American Marketer


60pc of luxury brands offer Korean Web site: L2 Think Tank

May 9, 2013


Approximately 60 percent of luxury brands offer a Web site for Korean consumers, compared to 96 percent for consumers in China and 87 percent for consumers in Japan, according to L2 Think Tank’s series of Digital IQ Index Reports.

The Digital IQ Index: Korea and the Digital IQ Index: The Gateways, which comprises Hong Kong, Taiwan and Singapore, found that although the Asia-Pacific area is one of the world’s wealthiest regions, luxury marketers are not making themselves accessible to these consumers via digital media. Although many luxury brands are invested in China, marketers need to have a presence in other nearby areas to reach their full global potential.

“This area leads the world in Internet infrastructure and mobile penetration, and the world’s wealthiest regions are also among the hungriest for luxury,” said Emma Li, research lead at L2 Think Tank, New York.

“Surprisingly, just more than half of prestige brands operate local sites serving these markets, with the exception of Japan,” she said.

“However, despite being one of the world’s largest traditional luxury markets, Japan has lower brand site adoption than China.”

The Digital IQ Index: Korea analyzed the digital performance of 95 global and five local prestige brands in South Korea. The brands were ranked 30 percent on site, 25 percent on social media, 25 percent on mobile and 20 percent on digital marketing.

The 2013 Digital IQ Index: The Gateways assessed the digital performance of 100 global and local brands focusing on three key markets: Hong Kong, Singapore, and Taiwan. The brands were ranked on site, social media, mobile and digital marketing.

Breaking into the market

Asia-Pacific is a strong region for luxury goods and services. However, there are some up-and-coming areas where luxury marketers should have a presence.

Even with the global economic downturn, luxury sales in South Korea have increased 12 percent year over year since 2006, per L2.

Overall, it seems as though luxury marketers are not investing enough resources into their marketing in South Korea.

Less than 25 percent of brands surveyed offer ecommerce in South Korea. Out of the 28 brands with ecommerce, 39 percent of those sites link to a third-party retailer. Out of those brands that do not offer ecommerce, only 14 percent show local pricing on their sites.

Korean third-party retailer Lotte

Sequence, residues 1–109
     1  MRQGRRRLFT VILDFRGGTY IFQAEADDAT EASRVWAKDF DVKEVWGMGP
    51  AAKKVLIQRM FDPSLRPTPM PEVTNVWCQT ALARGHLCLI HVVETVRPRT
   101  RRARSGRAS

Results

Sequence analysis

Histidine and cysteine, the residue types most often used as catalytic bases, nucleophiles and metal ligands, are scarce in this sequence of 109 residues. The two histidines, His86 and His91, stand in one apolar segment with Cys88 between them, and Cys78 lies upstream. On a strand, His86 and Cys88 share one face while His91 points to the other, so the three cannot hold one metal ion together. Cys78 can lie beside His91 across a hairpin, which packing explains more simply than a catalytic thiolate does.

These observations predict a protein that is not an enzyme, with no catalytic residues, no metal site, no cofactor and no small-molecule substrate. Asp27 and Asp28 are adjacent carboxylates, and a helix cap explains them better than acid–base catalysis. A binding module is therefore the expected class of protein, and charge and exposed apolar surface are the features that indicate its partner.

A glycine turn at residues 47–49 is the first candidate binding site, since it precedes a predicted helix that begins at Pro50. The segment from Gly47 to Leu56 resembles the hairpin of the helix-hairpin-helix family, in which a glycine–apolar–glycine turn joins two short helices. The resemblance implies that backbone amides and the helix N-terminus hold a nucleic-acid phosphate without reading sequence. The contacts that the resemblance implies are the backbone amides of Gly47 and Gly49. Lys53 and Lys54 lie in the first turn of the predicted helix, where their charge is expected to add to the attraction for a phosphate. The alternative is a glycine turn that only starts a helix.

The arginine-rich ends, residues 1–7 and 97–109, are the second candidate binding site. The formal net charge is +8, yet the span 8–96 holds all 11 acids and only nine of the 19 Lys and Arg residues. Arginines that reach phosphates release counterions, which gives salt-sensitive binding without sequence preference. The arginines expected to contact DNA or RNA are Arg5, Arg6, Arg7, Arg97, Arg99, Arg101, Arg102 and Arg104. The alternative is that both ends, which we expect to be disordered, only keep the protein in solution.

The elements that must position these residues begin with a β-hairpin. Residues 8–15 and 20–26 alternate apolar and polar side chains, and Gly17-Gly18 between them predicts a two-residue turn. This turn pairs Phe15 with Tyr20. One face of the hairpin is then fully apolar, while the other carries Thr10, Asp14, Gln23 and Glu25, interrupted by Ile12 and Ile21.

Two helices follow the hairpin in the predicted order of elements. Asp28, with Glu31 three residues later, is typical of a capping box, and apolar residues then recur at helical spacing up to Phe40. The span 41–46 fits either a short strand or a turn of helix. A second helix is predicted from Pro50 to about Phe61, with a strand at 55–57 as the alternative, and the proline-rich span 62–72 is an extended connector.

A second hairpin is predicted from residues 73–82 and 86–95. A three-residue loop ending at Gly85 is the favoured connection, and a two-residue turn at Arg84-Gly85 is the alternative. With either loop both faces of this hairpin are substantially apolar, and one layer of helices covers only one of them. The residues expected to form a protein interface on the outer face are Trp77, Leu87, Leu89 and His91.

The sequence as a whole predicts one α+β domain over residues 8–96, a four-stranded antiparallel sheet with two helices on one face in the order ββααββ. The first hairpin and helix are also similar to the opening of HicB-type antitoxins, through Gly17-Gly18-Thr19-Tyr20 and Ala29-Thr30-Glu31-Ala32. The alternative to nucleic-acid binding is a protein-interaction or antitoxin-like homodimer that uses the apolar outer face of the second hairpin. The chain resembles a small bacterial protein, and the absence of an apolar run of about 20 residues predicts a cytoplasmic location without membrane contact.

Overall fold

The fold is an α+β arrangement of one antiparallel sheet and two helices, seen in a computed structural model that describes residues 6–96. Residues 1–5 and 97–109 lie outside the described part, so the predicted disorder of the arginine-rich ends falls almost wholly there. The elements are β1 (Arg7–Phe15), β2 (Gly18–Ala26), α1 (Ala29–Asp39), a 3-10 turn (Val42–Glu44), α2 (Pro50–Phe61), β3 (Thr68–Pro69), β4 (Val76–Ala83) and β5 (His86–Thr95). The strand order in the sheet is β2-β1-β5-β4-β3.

Furthermore, 23 percent of brands surveyed offer a mobile site for South Korean consumers.

Only Swarovski, Kiehl’s and Estée Lauder made the top 10 list in L2’s Digital IQ Index: Korea.

Brands may find it difficult to get into the South Korean market due to the heavy competition from local brands.

“While global prestige brands are reluctant to invest digitally in these regions, they are facing robust competition from local players,” Ms. Li said.

“International brands constitute only 15 percent of the South Korean beauty market, and we have seen successful multi-faceted campaigns moving beyond the simple tactics used by most global brands for their Facebook campaigns,” she said.

“A dearth of localized content and understanding of local consumer culture are major hurdles for global brand marketers in these regions.”

The gateways

The gateway areas can be important places for luxury marketers to make an impact on consumers.

Chinese consumers are responsible for approximately 32 percent of global luxury consumption, but two-thirds of their purchases occur outside the mainland.

Also, Chinese travelers are estimated to account for 60 percent of Hong Kong’s luxury sales in 2013, while Taiwan and Singapore will also be reaping those benefits, per L2.

Burberry's Web site is available for Taiwanese consumers

Many luxury brands are strong in the gateway areas while quite a few brands are included in the top 10 lists across the three areas.

Louis Vuitton, BMW, Gucci, Hermès, Balenciaga, Audi, Chanel and Lexus are included in the top 10 in Taiwan, while Chanel, Louis Vuitton, BMW, Prada, Mercedes-Benz, Rolex, Ferrari and Gucci are in Hong Kong’s top 10 list.

Also, Chanel, BMW, Rolex, Louis Vuitton, Audi, Prada, Christian Dior and Hermès are on the top 10 list for Singapore.

Many of the same brands that are doing well in the gateway areas are also dominating in Japan (see story) and China (see story).

“Investment in these markets caters not only to local consumers, but also benefits sales driven by rising demand from tourists hailing from the biggest luxury neighbor, China,” Ms. Li said.

“The gateways offer limited digital infrastructure for Chinese tourists to conduct research on local information about brands,” she said.

“Beyond store locators, pricing transparency, wish lists and full product info with social media sharing functionality, prestige brands could offer more to assist purchases, such as options for ordering online and picking up offline.”

Final take

Erin Shea, editorial assistant on Luxury Daily, New York